Daye () is a
county-level city A county-level municipality (), county-level city or county city, formerly known as prefecture-controlled city (1949–1970: ; 1970–1983: ), is a Administrative divisions of China#County level (3rd), county-level administrative div ...
in eastern
Hubei Hubei (; Postal romanization, alternately Hupeh) is a landlocked provinces of China, province of the China, People's Republic of China, and is part of the Central China region. The name of the province means "north of the lake", referring to i ...
province, China. It is under the administration of the Huangshi
prefecture-level city Image:Yangxin-renmin-huanyin-ni-0022.jpg, A road sign shows distance to the "Huangshi urban area" () rather than simply "Huangshi" (). This is a useful distinction, because the sign is located ''already'' within Huangshi prefectural level city (imm ...
. As it is usually the case with county-level cities, Daye includes both an urban core and a fair amount of rural land in all directions, with smaller townships (''zhen'') such as Dajipu (). According to the Fifth Population Census of China (2000), the entire county-level city of Daye had 813,600 residents, with a population density of 558 people per square kilometer. The city is made up of 18
township-level divisions Due to China's large Demographics of China, population and geographical area, the administrative divisions of China have consisted of several levels since History of the administrative divisions of China, ancient era. The constitution of China ...
. The Daye Lake south of Daye's urban core is surrounded by parks and fishing ponds, and is a popular place for recreation. For a traveler who goes on G316 from Wuhan toward the south-east, Daye appears as a border between the more urban and more rural parts of the province. Daye sits on the south-eastern border of the heavily industrialized Wuhan/Ezhou/Huangshi metropolitan area; south of it, the much more rural Yangxin County, Hubei, Yangxin County begins.


Daye is an industrial city, a center of mining and metallurgy, both ferrous and non-ferrous; its name means 'developing a prosperous smelting industry' (). Copper mining and smelting was conducted at Daye's Tonglüshan Mine (:zh:铜绿山古铜矿遗址, 铜绿山, ) as early as the Spring and Autumn period (6th century B.C.E.), if not earlier. Tonglüshan Mine is located just southwest of the modern city, and now has a museum. Although such copper-containing minerals as malachite and azurite are found here, the local ores are richer in iron than in copper, and the modern Daye is better known for its iron ore mining and processing. Among the major employers is Huangshi Daye Non-ferrous Metals Co., Ltd.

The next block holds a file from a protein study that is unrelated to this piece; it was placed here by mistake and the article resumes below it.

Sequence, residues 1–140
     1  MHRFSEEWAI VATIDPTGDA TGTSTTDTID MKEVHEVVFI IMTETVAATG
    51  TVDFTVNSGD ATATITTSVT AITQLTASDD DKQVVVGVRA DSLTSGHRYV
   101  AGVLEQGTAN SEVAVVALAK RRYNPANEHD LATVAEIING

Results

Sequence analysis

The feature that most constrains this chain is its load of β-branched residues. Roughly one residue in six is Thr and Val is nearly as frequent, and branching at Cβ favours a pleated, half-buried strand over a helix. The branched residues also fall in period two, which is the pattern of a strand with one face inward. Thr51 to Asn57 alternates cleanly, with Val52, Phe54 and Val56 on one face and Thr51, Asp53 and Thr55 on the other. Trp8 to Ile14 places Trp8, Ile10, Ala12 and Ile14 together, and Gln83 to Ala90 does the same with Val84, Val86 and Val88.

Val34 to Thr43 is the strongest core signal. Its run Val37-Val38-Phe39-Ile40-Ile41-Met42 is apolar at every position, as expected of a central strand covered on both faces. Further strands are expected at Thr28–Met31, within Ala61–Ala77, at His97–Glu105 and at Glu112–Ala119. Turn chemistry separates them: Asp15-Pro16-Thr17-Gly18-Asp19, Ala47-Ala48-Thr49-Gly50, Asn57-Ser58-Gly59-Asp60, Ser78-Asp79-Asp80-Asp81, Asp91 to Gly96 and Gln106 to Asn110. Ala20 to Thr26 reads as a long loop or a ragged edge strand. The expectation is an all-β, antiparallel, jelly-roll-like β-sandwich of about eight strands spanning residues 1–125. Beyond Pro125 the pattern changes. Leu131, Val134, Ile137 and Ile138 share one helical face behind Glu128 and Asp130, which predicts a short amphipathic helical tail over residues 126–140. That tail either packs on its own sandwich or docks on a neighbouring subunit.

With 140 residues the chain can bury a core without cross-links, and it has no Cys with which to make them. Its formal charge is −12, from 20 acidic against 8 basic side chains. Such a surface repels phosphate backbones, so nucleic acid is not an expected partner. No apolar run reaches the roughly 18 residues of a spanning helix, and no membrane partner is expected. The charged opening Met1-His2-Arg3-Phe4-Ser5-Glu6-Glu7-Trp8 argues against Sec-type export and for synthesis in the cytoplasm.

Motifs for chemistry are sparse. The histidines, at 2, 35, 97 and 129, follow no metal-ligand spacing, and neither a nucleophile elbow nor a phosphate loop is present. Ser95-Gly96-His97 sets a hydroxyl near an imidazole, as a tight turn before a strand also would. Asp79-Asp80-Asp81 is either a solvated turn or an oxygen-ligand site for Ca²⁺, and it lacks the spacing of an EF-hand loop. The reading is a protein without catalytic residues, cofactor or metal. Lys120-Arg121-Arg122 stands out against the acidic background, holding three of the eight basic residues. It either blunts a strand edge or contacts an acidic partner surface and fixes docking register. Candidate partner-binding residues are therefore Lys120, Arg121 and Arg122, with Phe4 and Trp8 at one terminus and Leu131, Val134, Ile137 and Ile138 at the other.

Daye was the junction of the Wuhan-Daye Railway (completed in 1958) and Daye-Shahejie Railway (completed in 1987), which merged in 1989 to form the Wuhan–Jiujiang Railway. Huangshi Railway Station, which is the main passenger station for the entire Huangshi metropolitan area, is located within Daye's administrative borders, about north of downtown Daye (). It has fairly frequent service, with travel time to Wuhan being typically around 1 hour on a high-speed D-series train, or 1.5 hours on a "conventional" passenger train. Daye is served by the Wuhan–Huangshi Intercity Railway, part of the future Wuhan Metropolitan Area Intercity Railway, which opened in 2014. The new Daye North Railway Station, located north-east of Daye's main urban area (), serves as that line's terminal. It has fairly frequent service (about hourly) to the Wuhan Railway Station. Construction work is carried out to extent this rail line beyond Daye; this will become the Wuhan–Jiujiang Passenger Railway (estimated completion date, 2017). Daye is also served by the China National Highway 106 (which coincides in this area with China National Highway 316).


Image:Yangtze kiang 1915-section-Wuchang-to-Wuxue.jpg, left, Ta-yeh (Daye) and Tie-shan-pu (Tieshan District, Tieshan) shown in the middle of this 1915 map, along with an early railway. Lake Daye south of town is labeled as ''L. Kin-hu'' (i.e. Jinhu, "Golden Lake") Daye County existed on and off for centuries; as recently as the World War II period, it included much of today's prefecture-level city of Huangshi. This means that pre-1949 references to a location in "Daye" or "Tayeh" may refer to anywhere within today's Huangshi. Daye County was re-established on June 1, 1962, on a rather smaller scale, as part of Huangshi City. On February 18, 1994 Daye was converted into a county-level city, still within the prefecture-level city of Huangshi.


The speech of Daye and the adjacent counties farther south (toward the Jiangxi border) has been traditionally characterized as the Daye dialect, part of the Datong dialect group of Gan Chinese.


External links

Daye City Government website
{{Authority control County-level divisions of Hubei Cities in Hubei Huangshi Wuhan urban agglomeration